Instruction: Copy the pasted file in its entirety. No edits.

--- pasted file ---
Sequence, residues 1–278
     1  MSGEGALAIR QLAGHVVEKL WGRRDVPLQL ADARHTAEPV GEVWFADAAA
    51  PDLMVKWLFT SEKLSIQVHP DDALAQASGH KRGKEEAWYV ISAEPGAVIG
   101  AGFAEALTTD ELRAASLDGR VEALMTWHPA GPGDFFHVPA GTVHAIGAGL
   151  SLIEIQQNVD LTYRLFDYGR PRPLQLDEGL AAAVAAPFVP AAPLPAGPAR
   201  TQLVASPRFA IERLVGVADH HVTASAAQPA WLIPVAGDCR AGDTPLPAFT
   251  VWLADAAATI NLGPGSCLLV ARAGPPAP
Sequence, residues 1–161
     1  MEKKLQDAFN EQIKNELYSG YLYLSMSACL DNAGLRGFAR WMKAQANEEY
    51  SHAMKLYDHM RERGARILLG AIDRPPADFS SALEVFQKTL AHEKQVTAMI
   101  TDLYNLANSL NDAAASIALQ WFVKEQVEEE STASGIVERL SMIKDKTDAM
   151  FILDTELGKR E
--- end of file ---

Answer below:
Sequence, residues 1–278
     1  MSGEGALAIR QLAGHVVEKL WGRRDVPLQL ADARHTAEPV GEVWFADAAA
    51  PDLMVKWLFT SEKLSIQVHP DDALAQASGH KRGKEEAWYV ISAEPGAVIG
   101  AGFAEALTTD ELRAASLDGR VEALMTWHPA GPGDFFHVPA GTVHAIGAGL
   151  SLIEIQQNVD LTYRLFDYGR PRPLQLDEGL AAAVAAPFVP AAPLPAGPAR
   201  TQLVASPRFA IERLVGVADH HVTASAAQPA WLIPVAGDCR AGDTPLPAFT
   251  VWLADAAATI NLGPGSCLLV ARAGPPAP
Sequence, residues 1–161
     1  MEKKLQDAFN EQIKNELYSG YLYLSMSACL DNAGLRGFAR WMKAQANEEY
    51  SHAMKLYDHM RERGARILLG AIDRPPADFS SALEVFQKTL AHEKQVTAMI
   101  TDLYNLANSL NDAAASIALQ WFVKEQVEEE STASGIVERL SMIKDKTDAM
   151  FILDTELGKR E